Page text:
"While these changes in the brain and dopamine dysfunction may be an early marker of neuron death related to welding exposure, the damage appeared to be different from those of people with full-fledged Parkinson's disease," said Racette. "MRI scans also revealed brain changes in welders that were consistent with manganese deposits in the brain."

"Although this study shows that these workers had dopamine dysfunction in the brain, the study authors could not determine whether this was specifically related to manganese," said W. R. Wayne Martin, MD, who wrote an accompanying editorial on the topic. Martin is with the University of Alberta in Edmonton, Alberta, Canada and a member of the American Academy of Neurology. "Will these individuals develop full-fledged Parkinson's disease? We can't answer that question based on the study but more research should be done to explore this possibility."

The study was supported by the Michael J. Fox Foundation, the National Institutes of Health, the American Parkinson Disease Association, Advanced Research Center at Washington University, the Great St. Louis Chapter of the ADPA, the McDonnell Center for Higher Brain Function and the Barnes-Jewish Hospital Foundation.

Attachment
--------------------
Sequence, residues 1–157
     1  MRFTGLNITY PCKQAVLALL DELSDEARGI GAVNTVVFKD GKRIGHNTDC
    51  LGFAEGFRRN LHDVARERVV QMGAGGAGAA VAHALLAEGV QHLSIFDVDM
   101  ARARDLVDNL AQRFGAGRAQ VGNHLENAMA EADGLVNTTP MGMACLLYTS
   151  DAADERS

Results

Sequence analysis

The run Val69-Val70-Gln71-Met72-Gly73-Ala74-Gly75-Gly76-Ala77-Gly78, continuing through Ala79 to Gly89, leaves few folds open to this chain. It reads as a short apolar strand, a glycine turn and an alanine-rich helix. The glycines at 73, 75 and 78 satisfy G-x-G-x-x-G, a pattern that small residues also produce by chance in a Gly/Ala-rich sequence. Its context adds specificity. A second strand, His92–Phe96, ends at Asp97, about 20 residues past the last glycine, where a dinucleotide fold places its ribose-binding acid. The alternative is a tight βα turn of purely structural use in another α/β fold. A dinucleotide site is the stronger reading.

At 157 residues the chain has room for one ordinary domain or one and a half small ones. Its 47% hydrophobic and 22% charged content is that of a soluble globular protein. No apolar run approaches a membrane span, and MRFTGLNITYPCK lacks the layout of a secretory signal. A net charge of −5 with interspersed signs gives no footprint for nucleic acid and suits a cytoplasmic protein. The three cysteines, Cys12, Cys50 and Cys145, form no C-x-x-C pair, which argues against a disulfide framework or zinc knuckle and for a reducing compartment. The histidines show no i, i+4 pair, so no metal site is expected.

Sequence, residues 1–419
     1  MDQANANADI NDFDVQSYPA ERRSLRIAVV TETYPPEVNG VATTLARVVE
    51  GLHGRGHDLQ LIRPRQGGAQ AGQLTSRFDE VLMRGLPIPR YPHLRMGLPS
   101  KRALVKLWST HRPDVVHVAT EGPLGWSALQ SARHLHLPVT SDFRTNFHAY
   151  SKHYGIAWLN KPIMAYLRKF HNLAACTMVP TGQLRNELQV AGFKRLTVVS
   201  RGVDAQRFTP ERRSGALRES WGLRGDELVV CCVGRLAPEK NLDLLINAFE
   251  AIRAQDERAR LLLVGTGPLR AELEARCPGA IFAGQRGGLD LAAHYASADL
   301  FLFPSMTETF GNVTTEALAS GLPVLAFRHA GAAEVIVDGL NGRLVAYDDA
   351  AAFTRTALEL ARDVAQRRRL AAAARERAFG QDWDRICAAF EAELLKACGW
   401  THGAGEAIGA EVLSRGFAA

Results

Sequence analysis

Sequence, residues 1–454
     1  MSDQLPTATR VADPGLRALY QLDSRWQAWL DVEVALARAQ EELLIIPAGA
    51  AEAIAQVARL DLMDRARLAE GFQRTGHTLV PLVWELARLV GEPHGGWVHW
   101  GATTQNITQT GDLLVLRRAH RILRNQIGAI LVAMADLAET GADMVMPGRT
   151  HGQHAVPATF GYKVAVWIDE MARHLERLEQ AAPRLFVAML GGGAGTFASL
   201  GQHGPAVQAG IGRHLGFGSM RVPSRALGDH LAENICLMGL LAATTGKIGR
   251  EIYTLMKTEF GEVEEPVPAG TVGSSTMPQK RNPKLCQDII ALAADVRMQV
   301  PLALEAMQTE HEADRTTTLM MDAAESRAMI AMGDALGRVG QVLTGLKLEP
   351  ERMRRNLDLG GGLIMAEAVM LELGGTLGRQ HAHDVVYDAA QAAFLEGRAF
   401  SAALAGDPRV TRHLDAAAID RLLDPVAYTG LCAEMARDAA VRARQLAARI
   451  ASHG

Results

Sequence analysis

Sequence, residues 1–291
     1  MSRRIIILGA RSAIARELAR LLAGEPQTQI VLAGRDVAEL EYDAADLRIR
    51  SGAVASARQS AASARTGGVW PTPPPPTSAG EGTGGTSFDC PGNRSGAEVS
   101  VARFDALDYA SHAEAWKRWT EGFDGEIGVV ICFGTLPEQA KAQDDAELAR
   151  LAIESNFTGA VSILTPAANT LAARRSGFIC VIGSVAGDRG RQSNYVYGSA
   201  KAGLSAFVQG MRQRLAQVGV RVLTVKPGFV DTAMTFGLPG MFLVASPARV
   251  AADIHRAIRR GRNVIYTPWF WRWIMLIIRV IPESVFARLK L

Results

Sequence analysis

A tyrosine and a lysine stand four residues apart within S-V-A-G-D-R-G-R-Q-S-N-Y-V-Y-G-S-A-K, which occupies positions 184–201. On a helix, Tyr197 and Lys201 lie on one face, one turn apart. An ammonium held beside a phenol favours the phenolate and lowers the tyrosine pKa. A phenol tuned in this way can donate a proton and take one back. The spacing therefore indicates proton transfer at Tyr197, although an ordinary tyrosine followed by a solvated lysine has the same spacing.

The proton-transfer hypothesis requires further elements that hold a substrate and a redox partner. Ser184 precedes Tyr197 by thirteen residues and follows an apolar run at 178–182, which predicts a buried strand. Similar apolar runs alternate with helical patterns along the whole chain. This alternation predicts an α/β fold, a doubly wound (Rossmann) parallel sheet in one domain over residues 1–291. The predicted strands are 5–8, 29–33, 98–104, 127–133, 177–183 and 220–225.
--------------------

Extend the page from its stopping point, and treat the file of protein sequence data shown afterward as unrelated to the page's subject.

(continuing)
Story Source:

The above story is based on materials provided by American Academy of Neurology. Note: Materials may be edited for content and length.


Journal Reference:

  1. Criswell SR, Perlmutter JS, Videen TO, Moerlein SM, Flores HP, Birke AM, Racette BA. Reduced uptake of [18F]FDOPA PET in asymptomatic welders with occupational manganese exposure. Neurology, April 6, 2011

Cite This Page:

American Academy of Neurology. "Healthy welders may be at increased risk for early brain damage." ScienceDaily. ScienceDaily, 6 April 2011. <www.sciencedaily.com/releases/2011/04/110406161028.htm>.
American Academy of Neurology. (2011, April 6). Healthy welders may be at increased risk for early brain damage. ScienceDaily. Retrieved December 21, 2014 from www.sciencedaily.com/releases/2011/04/110406161028.htm
American Academy of Neurology. "Healthy welders may be at increased risk for early brain damage." ScienceDaily. www.sciencedaily.com/releases/2011/04/110406161028.htm (accessed December 21, 2014).

Share This


More From ScienceDaily



More Health & Medicine News

Sunday, December 21, 2014

Featured Research

from universities, journals, and other organizations


Featured Videos

from AP, Reuters, AFP, and other news services

The Best Tips to Curb Holiday Carbs

The Best Tips to Curb Holiday Carbs